bushes of field did not exist because God had not yet hamatayr “caused to rain”. The raining event which brings
about the bushes goes unspecified in the immediate passages. The next mention of any kind of matar rain in the
Bible comes in Ge 7:4, where God declares he will caused a matayr (rain) upon the earth for 40 days and 40
nights to bring about Noah’s flood. Could this finally be the rain mentioned in verse 5? It certainly seems the
case when all evidences are considered. There is a further eerie similarity linking Lilith’s creation to elements of
Noah’s flood. In Noah’s flood the fountains of the deep broke through the earth and contributed to the flood. In
Lilith’s creation story we have a similar phenomena, the mist which erupted from the earth and watered her body.
Why are the opening phrases of the doublets reversed? String B says, “These are the begetings of the earth ...
in the day God made the heavens.” String A says, “these are the begettings of the heavens ... in the day God
made the earth.” The explanation for String B is that the begettings of the earth (Adam) were planned and
established by God when he created the heavens (i.e. at the beginning of time). The explanation for String A is
that the begettings of the heavens (fallen angels mating with Lilith and daughters of man) were not planned and
established until God created the earth. Only then could the angels see the daughters of man upon the earth and
be tempted by the evil Lilith to plan or purpose their illicit unions with them. These notions are confirmed by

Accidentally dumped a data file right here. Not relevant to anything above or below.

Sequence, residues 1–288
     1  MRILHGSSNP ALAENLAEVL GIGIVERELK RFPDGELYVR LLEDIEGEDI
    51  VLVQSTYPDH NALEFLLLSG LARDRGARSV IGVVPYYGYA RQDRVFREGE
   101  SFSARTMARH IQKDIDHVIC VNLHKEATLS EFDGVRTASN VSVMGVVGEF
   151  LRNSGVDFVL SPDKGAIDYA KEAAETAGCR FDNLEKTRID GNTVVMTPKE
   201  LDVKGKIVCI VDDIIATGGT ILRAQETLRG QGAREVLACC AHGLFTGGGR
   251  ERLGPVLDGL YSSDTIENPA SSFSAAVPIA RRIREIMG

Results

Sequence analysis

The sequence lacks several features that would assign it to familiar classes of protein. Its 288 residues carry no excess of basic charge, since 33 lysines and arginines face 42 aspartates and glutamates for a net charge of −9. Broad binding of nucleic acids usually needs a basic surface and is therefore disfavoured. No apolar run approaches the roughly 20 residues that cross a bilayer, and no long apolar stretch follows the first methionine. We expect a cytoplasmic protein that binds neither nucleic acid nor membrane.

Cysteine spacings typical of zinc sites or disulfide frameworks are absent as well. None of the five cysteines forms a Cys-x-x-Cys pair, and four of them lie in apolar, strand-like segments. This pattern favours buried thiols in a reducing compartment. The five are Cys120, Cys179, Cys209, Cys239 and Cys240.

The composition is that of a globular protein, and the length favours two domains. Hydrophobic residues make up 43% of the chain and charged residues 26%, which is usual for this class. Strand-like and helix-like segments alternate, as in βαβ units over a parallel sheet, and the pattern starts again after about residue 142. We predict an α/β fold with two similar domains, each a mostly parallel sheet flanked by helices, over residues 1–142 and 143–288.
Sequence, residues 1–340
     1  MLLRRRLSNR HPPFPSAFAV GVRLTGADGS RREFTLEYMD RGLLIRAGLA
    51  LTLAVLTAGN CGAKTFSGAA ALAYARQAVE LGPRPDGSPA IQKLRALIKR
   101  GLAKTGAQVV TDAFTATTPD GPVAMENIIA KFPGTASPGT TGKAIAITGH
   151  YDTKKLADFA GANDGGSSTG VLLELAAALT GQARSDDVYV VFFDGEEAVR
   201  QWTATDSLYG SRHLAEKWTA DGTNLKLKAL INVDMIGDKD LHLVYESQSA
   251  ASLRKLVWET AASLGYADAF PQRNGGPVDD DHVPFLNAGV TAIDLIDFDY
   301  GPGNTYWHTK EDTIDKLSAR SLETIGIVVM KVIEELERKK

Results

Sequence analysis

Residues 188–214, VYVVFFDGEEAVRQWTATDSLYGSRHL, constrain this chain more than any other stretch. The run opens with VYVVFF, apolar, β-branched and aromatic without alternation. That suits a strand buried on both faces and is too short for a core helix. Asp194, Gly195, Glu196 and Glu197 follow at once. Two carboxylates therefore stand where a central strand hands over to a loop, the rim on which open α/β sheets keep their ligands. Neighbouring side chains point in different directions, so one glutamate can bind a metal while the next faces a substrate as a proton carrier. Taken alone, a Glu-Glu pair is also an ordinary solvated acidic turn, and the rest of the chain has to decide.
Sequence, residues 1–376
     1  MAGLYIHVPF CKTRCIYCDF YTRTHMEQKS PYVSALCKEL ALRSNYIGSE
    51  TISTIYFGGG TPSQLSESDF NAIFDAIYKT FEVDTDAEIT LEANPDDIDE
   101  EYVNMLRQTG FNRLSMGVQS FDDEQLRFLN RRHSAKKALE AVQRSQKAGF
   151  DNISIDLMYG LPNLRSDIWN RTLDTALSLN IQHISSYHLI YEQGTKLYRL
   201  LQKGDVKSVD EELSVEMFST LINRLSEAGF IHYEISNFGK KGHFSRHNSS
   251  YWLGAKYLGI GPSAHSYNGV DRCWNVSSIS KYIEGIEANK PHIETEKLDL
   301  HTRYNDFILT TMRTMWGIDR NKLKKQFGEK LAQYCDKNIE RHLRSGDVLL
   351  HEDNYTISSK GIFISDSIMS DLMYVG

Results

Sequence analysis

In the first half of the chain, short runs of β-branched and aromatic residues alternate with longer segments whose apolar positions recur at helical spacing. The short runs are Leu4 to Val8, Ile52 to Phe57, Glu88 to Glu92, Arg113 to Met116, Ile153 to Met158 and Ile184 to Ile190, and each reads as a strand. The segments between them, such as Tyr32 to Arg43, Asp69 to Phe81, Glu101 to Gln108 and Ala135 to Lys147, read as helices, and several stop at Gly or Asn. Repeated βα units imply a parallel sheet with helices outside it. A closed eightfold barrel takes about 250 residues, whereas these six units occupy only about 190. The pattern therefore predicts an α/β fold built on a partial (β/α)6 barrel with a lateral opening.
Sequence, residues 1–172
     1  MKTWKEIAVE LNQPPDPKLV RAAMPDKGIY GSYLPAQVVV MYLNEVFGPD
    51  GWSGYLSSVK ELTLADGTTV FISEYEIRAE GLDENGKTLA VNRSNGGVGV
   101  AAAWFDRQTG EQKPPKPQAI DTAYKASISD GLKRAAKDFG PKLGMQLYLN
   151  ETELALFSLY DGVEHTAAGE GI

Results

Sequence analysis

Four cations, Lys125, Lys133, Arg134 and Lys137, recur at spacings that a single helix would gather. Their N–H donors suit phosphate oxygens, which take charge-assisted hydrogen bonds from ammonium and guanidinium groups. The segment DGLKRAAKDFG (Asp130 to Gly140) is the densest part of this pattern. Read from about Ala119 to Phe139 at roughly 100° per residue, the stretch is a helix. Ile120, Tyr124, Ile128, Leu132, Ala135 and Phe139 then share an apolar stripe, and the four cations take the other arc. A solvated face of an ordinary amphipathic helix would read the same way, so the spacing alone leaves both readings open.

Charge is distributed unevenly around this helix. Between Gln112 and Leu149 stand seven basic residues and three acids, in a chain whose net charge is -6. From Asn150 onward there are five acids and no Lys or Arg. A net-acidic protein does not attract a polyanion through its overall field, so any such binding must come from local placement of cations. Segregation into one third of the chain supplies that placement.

details in the passages. Verse 5 states that before God’s raining down of curses, there were no siyach in the
earth. This is contrast to the eseb herbs of Adam’s generations, which were present in earth but had not yet
sprouted. That the siyach priorly did not exist in earth implies that the siyach were fathered from something
outside the earth. This is the fathering spirits of the Watchers, the angels who descended to earth to mate with
the daughters of man and Lilith. Adam’s eseb herbs were said to already be present in earth because the
complete genealogy of Adam’s generations were present on the earth at his creation from the dust.
There is one more remarkable point to note. When one becomes equipped with the full understanding of what the
passages are conveying, then in looking back at the sentence doublets, we can they that they reveal the entire
history of the generations they discuss. To ease the reading of this history, lets reverse the order of the 3rd
through 5th doublets as they constructed in reverse chronological order. This is done in Table 9.2.1 3. Text in